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By Earl Coetzee

Digital Editor

Xenophobia: Ramaphosa calls for calm

Ramaphosa also warned against spreading of unverified information on social media, such as the claims that foreigners were attacking schools.

President Cyril Ramaphosa delivered a sombre call for calm last night, following several days of violence targeting foreigners across the country, and leading to backlash from throughout the continent.

After having to address the scourge of violence against women and children, Ramaphosa pleaded for tolerance and action against those responsible for the death of at least 10 people, two of whom have been confirmed to be foreign nationals.

“No amount of anger or frustration and grievance can justify such acts of wanton destruction and criminality. There can be no excuse for the attacks on the homes and businesses of foreign nationals, just as there can be no excuse whatsoever for xenophobia or any form of intolerance,” Ramaphosa said.

“Equally, there is no justification for the burning and looting on the homes of South Africans.”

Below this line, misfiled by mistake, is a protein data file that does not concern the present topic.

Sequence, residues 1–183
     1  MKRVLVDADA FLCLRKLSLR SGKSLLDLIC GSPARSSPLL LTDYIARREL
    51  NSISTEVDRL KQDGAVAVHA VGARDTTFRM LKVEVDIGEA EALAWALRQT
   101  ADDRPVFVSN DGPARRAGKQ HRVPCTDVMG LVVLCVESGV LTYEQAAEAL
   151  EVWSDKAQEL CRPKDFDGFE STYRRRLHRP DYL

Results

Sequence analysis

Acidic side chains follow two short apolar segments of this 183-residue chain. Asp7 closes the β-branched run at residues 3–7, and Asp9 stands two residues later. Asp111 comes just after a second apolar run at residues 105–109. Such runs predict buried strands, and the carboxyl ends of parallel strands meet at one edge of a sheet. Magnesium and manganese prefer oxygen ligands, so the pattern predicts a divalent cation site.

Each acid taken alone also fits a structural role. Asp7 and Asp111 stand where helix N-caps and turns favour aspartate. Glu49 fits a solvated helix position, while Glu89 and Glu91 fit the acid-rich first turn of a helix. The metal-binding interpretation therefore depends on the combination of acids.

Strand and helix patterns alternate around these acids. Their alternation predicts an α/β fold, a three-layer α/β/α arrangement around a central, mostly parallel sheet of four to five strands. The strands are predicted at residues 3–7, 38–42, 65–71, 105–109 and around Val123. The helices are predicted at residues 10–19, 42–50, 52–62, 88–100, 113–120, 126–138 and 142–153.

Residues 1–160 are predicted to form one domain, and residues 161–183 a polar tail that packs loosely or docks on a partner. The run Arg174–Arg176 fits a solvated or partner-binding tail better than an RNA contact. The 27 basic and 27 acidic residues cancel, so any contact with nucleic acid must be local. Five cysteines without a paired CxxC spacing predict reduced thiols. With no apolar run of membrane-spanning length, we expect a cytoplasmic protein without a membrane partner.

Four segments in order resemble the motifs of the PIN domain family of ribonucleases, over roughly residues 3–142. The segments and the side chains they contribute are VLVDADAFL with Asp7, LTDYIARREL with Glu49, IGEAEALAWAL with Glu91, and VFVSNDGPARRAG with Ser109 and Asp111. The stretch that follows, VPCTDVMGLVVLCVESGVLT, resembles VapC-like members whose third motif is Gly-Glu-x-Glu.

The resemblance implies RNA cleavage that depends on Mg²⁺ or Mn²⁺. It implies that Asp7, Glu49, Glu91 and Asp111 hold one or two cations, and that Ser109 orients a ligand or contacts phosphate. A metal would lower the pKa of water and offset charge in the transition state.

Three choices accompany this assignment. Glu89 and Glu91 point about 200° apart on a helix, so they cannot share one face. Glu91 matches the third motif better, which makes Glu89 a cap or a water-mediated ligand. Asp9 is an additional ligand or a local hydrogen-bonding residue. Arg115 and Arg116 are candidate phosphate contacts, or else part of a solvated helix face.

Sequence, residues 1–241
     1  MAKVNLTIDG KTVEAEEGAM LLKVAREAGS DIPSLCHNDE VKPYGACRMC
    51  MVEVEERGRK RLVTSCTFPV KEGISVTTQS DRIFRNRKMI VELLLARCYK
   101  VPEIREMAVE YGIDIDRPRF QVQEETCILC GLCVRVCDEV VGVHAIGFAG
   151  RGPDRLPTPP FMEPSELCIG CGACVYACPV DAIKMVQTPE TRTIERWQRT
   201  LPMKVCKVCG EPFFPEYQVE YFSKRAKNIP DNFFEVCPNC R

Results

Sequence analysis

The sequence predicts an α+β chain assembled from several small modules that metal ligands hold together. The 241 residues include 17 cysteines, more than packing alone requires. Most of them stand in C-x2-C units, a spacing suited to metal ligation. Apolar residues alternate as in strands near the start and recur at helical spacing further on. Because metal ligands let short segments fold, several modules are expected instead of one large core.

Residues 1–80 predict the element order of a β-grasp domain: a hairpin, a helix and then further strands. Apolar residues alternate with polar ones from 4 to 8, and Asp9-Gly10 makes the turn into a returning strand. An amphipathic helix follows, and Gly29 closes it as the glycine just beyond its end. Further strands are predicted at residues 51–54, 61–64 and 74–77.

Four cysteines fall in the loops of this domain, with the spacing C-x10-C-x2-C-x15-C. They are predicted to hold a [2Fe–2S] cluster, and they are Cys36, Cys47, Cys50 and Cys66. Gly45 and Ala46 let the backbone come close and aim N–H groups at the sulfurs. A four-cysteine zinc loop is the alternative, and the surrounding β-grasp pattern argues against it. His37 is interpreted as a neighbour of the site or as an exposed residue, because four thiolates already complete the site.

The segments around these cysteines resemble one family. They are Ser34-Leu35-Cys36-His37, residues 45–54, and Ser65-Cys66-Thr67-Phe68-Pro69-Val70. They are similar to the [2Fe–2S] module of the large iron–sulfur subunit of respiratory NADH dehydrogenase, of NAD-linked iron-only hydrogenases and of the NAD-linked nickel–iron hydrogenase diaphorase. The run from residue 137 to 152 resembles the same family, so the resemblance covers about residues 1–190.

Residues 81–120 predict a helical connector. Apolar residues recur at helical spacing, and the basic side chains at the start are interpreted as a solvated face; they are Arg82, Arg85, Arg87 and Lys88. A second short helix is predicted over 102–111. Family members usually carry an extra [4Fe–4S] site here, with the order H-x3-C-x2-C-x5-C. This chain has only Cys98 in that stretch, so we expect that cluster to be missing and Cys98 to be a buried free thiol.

The president reminded South Africans that not only did our neighbours across the continent provide sanctuary and assistance to South africans during apartheid, but that we were also mutually dependent on each other.

He called for improved cooperation to “strengthen political, social and trade ties, if we are to strengthen own economy and that of our neighbours”.

Ramaphosa warned “where people act with criminal intent, irrespective of their nationality, we will not hesitate to uphold the law”.

Since Sunday, 423 people have been arrested in Gauteng for violence and looting of foreign-owned businesses. Twenty three people have also been arrested in KwaZulu-Natal for attacks on trucks, during protests against foreign drivers.

The attacks have led to retaliatory attacks on South African businesses in several countries, the South African embassy in Nigeria being closed due to security concerns.

Ramaphosa also warned against spreading of unverified information on social media, such as the claims that foreigners were attacking schools, which led to chaos at schools in Gauteng this week, as parents rushed to remove their children.

“This misinformation is also being disseminated in neighbouring countries and throughout the world, causing panic and putting lives in danger. Let us not be misled.

“Let us not be provoked by those who want to sow mistrust and fuel conflict. This is a time for calm,” he said. “It is a time for all of us who live in this beautiful country to confront our challenges directly and earnestly, not through violence, but through dialogue.”

Ramaphosa called on religious leaders and communities to join in prayer over the weekend, in order for calm to be restored.

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